There’s an old proverb, “Let the buyer beware.” A recent opinion issued by the Michigan Court of Appeals (Galvan v Poon, Mich App No. 76047, August 19, 2021), however, has turned this time-honored legal principle a bit on its head.
In Michigan, state law requires us to disclose certain information about our home when we are selling. We meet those requirements by completing a Seller’s Disclosure Statement. Unless a seller fails to disclose a problem of which the seller is aware, a buyer generally has no recourse against a seller if a problem is discovered after closing.
A Warranty Deed provides additional protection for sellers by stating that the seller’s warranty of title is subject to exceptions such as existing building and use restrictions, easements of record and zoning ordinances. In other words, the buyer accepts title subject to certain encumbrances.
The Galvan decision has poked a hole in these seller safeguards. In Galvan, the Court ruled that building code violations discovered after buyers purchased a condo were the sellers’ problem even though the sellers were unaware of the violations. The Seller Disclosure Statement and the “subject to” language in the Warranty Deed afforded them no protection. In awarding damages to the buyer, the Court held that the violations were an encumbrance on title and were therefore a breach of the seller’s warranty of title.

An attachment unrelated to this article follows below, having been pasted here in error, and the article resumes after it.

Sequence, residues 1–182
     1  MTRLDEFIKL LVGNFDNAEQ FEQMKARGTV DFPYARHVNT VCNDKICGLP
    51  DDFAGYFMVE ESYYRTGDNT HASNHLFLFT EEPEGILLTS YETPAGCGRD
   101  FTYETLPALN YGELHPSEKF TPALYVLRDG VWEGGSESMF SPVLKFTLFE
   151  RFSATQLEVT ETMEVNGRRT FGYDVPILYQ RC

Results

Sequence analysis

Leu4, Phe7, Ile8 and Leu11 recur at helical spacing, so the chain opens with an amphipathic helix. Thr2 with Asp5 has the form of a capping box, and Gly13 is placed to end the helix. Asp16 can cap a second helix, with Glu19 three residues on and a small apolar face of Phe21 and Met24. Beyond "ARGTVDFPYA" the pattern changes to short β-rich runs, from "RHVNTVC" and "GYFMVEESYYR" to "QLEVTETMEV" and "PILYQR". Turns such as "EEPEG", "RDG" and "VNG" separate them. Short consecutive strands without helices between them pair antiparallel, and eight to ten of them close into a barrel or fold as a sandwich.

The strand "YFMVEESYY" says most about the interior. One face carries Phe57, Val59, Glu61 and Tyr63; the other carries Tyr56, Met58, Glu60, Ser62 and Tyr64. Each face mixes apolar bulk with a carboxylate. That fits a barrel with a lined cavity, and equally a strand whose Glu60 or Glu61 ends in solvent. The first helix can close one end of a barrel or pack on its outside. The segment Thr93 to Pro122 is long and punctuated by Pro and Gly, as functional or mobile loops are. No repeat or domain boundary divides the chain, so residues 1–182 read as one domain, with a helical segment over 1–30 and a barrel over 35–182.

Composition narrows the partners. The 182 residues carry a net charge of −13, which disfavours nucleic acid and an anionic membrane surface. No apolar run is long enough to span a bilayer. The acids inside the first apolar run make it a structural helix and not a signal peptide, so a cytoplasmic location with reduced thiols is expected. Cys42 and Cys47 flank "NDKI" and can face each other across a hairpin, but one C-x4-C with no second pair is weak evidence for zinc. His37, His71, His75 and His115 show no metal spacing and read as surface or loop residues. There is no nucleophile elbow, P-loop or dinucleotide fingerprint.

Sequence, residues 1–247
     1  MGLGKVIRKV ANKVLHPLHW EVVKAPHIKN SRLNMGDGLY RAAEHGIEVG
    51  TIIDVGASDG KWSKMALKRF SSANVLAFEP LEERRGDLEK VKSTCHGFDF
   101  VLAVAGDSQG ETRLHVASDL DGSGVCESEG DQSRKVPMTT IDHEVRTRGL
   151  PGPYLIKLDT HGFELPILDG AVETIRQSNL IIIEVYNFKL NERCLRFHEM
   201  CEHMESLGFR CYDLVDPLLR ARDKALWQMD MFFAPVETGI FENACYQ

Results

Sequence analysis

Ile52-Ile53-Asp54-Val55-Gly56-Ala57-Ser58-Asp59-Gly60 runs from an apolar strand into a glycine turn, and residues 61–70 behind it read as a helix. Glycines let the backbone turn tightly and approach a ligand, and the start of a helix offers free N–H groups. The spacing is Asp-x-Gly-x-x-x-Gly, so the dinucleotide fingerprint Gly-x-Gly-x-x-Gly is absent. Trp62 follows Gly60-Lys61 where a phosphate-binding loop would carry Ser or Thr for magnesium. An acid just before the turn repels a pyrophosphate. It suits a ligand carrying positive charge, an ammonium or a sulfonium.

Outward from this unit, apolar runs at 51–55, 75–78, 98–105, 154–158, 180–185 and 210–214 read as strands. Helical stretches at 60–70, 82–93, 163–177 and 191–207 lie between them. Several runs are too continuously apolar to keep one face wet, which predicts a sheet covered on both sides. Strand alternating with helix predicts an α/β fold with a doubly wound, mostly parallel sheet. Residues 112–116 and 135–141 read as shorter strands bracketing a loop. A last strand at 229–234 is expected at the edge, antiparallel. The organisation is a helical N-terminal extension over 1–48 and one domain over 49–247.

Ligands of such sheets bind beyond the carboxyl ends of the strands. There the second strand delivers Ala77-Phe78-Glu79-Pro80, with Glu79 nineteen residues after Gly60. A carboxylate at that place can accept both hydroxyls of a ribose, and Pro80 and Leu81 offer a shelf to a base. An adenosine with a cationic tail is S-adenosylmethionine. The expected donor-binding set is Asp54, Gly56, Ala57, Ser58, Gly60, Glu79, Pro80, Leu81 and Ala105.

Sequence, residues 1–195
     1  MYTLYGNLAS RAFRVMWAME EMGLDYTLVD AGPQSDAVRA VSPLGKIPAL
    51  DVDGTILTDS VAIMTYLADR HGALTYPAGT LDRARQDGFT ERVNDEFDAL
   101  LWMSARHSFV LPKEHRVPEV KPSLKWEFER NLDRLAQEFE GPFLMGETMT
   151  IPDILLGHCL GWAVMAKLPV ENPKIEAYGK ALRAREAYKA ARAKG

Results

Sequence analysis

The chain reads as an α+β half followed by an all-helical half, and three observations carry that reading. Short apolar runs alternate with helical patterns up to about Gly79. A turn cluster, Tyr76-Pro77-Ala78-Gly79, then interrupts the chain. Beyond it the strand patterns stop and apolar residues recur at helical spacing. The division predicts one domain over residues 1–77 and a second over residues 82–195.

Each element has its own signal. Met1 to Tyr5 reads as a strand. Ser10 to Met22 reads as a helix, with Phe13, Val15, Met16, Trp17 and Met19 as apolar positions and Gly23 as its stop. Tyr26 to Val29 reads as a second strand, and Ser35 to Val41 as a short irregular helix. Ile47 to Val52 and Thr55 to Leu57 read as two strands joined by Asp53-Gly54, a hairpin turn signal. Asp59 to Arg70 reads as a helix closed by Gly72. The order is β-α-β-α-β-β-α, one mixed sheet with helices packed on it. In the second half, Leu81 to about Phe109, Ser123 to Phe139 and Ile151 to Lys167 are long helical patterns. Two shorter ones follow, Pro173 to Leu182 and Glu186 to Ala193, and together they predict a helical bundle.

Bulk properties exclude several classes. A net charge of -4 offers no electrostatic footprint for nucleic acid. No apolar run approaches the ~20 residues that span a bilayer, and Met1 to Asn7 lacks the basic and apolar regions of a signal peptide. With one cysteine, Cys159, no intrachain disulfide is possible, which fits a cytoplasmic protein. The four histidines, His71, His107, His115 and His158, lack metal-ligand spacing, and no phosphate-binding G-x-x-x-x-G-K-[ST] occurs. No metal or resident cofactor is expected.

The Galvan decision gives real estate buyers and sellers yet one more thing to negotiate. We’re already recommending additional language to protect our seller clients in their Listing Agreements, Purchase Agreements and Warranty Deeds. If you are contemplating a real estate sale or purchase, we would be pleased to guide you through. Contact us at (248) 477-6300 or email@example.com.